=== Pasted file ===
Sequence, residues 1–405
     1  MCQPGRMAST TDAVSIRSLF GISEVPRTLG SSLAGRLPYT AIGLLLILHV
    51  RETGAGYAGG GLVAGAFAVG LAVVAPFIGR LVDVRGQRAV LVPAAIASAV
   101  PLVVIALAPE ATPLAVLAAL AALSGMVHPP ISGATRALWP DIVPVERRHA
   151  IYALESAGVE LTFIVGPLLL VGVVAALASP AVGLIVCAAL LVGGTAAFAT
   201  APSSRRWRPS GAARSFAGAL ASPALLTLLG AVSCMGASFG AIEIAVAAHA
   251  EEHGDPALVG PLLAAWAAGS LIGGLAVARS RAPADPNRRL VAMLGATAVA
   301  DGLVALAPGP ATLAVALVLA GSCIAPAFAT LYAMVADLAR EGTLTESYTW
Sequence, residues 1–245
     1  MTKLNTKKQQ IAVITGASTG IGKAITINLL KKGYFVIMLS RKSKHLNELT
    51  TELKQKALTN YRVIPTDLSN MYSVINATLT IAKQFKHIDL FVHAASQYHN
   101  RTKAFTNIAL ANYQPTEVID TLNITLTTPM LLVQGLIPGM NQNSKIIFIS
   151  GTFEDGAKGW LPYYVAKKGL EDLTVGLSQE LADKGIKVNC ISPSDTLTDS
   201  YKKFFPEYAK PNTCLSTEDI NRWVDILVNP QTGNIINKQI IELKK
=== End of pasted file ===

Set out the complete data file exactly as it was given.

Sequence, residues 1–405
     1  MCQPGRMAST TDAVSIRSLF GISEVPRTLG SSLAGRLPYT AIGLLLILHV
    51  RETGAGYAGG GLVAGAFAVG LAVVAPFIGR LVDVRGQRAV LVPAAIASAV
   101  PLVVIALAPE ATPLAVLAAL AALSGMVHPP ISGATRALWP DIVPVERRHA
   151  IYALESAGVE LTFIVGPLLL VGVVAALASP AVGLIVCAAL LVGGTAAFAT
   201  APSSRRWRPS GAARSFAGAL ASPALLTLLG AVSCMGASFG AIEIAVAAHA
   251  EEHGDPALVG PLLAAWAAGS LIGGLAVARS RAPADPNRRL VAMLGATAVA
   301  DGLVALAPGP ATLAVALVLA GSCIAPAFAT LYAMVADLAR EGTLTESYTW
Sequence, residues 1–245
     1  MTKLNTKKQQ IAVITGASTG IGKAITINLL KKGYFVIMLS RKSKHLNELT
    51  TELKQKALTN YRVIPTDLSN MYSVINATLT IAKQFKHIDL FVHAASQYHN
   101  RTKAFTNIAL ANYQPTEVID TLNITLTTPM LLVQGLIPGM NQNSKIIFIS
   151  GTFEDGAKGW LPYYVAKKGL EDLTVGLSQE LADKGIKVNC ISPSDTLTDS
   201  YKKFFPEYAK PNTCLSTEDI NRWVDILVNP QTGNIINKQI IELKK